October 27

Alabama’s “Song of the South” from the Southern Star

“Song of the South” is a song written by Bob McDill. First, Bobby Bare, American country musician, made a cover of it in his 1980 album Drunk & Crazy. A version by Johnny Russell rocked the US Billboard country chart at number 57 in 1981. From the album Storyteller and the Banjo Man, Tom T. Hall and Earl Scruggs recorded it. This version of theirs peaked at number 72 in 1982. A cover released by American country music group Alabama hit the number 1 spot on both the US and Canadian country charts. The song is from their album Southern Star in November 1988.


Among the first crossover country acts, Alabama played at large performance venues. They incorporated arena-rock-style production and sounds into their shows. Singing, playing their instruments and writing their songs, the band stirred a trend. It was toward the formation and promotion of self-contained bands in the country music industry.



The song is about the story of a poor Southern cotton farm-family during the Great Depression.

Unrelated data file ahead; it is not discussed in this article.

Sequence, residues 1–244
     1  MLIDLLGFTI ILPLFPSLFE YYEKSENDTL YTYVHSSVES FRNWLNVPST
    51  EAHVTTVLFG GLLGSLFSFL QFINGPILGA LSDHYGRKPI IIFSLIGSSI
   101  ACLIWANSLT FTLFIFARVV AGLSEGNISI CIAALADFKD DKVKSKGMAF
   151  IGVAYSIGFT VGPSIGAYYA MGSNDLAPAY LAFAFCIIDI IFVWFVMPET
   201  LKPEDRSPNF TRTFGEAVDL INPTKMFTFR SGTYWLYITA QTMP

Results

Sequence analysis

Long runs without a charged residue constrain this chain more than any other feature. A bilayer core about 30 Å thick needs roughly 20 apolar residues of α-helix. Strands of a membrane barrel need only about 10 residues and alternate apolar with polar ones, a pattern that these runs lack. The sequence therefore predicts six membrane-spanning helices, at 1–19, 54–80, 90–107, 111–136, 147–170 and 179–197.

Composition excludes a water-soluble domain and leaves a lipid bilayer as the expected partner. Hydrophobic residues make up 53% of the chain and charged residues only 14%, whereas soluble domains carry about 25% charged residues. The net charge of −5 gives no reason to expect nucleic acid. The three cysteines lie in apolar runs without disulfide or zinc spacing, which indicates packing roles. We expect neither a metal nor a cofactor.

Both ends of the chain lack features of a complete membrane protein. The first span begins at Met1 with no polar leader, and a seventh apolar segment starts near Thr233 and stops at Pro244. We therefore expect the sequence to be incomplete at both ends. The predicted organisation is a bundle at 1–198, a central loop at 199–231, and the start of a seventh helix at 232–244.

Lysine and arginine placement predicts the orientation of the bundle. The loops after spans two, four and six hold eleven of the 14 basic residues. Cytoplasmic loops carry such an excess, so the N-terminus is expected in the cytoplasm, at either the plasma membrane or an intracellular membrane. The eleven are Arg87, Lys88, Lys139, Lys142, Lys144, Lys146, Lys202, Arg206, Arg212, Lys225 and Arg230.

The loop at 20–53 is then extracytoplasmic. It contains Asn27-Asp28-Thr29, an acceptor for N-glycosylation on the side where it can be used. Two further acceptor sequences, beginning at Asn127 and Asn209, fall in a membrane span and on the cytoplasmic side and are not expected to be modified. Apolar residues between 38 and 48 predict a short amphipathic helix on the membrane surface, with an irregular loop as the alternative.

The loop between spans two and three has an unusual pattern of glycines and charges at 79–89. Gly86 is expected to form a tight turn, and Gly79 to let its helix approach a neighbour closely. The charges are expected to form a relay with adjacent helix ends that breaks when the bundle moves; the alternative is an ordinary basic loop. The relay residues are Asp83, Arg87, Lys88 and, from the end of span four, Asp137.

Cotton on the roadside, cotton in the ditch

We all picked the cotton but we never got rich

Well, somebody told us Wall Street fell,

but we was so poor that we couldn’t tell


In these lines, it mentions President Franklin D. Roosevelt’s New Deal.

The cotton was short and the weeds was tall,

but Mr. Roosevelt’s gonna save us all


The father of the cotton-farm family is a Southern Democrat.

Daddy was a veteran, a southern democrat

They oughta get a rich man to vote like that


After their mother falls into illness, they lose their property.

The county got the farm and they moved to town


In the end, the family lives comfortably after searching for a life out the countryside.

Well, Papa got a job with the Tennessee Valley Authority

We bought a washing machine, and then a Chevrolet


Steve Boyle, the director of the music video, compiled black-and-white photos of the South during the 1930s. Moreover, he added several footages of members of the band in black and white. Lastly, other Southern actors were included to give the illusion that it was the 1930s when it was filmed. The content of the video mainly follows the song lyrics. During the chorus, the video turns to color. As the colors are showing, a large crowd which is fronted by the band members is marching down the street of a small town. At the end, the video is also in color and shows Alabama playing at a concert after which, random people came onto the stage.


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